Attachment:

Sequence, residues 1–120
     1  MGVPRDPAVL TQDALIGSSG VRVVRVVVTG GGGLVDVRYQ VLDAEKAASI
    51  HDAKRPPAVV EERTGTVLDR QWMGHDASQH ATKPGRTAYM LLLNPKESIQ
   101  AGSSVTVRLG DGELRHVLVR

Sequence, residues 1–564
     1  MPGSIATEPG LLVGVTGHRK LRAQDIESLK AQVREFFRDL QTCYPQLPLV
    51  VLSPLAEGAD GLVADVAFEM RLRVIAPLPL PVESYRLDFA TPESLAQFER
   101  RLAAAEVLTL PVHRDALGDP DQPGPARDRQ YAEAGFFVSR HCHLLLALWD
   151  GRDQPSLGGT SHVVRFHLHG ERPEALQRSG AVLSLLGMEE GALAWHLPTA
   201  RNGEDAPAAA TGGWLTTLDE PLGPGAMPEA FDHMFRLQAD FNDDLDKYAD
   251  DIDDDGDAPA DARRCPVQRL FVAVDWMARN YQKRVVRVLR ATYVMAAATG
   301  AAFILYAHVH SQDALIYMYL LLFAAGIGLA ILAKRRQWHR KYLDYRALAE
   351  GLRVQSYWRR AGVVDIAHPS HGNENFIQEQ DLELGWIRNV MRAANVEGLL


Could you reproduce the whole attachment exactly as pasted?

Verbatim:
Sequence, residues 1–120
     1  MGVPRDPAVL TQDALIGSSG VRVVRVVVTG GGGLVDVRYQ VLDAEKAASI
    51  HDAKRPPAVV EERTGTVLDR QWMGHDASQH ATKPGRTAYM LLLNPKESIQ
   101  AGSSVTVRLG DGELRHVLVR

Sequence, residues 1–564
     1  MPGSIATEPG LLVGVTGHRK LRAQDIESLK AQVREFFRDL QTCYPQLPLV
    51  VLSPLAEGAD GLVADVAFEM RLRVIAPLPL PVESYRLDFA TPESLAQFER
   101  RLAAAEVLTL PVHRDALGDP DQPGPARDRQ YAEAGFFVSR HCHLLLALWD
   151  GRDQPSLGGT SHVVRFHLHG ERPEALQRSG AVLSLLGMEE GALAWHLPTA
   201  RNGEDAPAAA TGGWLTTLDE PLGPGAMPEA FDHMFRLQAD FNDDLDKYAD
   251  DIDDDGDAPA DARRCPVQRL FVAVDWMARN YQKRVVRVLR ATYVMAAATG
   301  AAFILYAHVH SQDALIYMYL LLFAAGIGLA ILAKRRQWHR KYLDYRALAE
   351  GLRVQSYWRR AGVVDIAHPS HGNENFIQEQ DLELGWIRNV MRAANVEGLL